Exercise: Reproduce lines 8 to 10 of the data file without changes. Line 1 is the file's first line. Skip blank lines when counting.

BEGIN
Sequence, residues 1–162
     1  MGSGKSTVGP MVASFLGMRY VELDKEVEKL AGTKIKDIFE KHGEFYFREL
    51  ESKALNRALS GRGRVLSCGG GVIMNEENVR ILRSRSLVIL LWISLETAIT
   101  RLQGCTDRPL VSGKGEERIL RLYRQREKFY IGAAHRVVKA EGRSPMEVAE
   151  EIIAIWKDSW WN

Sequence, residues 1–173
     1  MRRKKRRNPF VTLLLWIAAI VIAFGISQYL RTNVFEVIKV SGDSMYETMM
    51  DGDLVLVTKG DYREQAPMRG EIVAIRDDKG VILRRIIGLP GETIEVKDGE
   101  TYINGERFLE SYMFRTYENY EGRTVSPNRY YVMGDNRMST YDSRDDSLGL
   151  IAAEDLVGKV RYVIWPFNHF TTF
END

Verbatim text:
    51  DGDLVLVTKG DYREQAPMRG EIVAIRDDKG VILRRIIGLP GETIEVKDGE
   101  TYINGERFLE SYMFRTYENY EGRTVSPNRY YVMGDNRMST YDSRDDSLGL
   151  IAAEDLVGKV RYVIWPFNHF TTF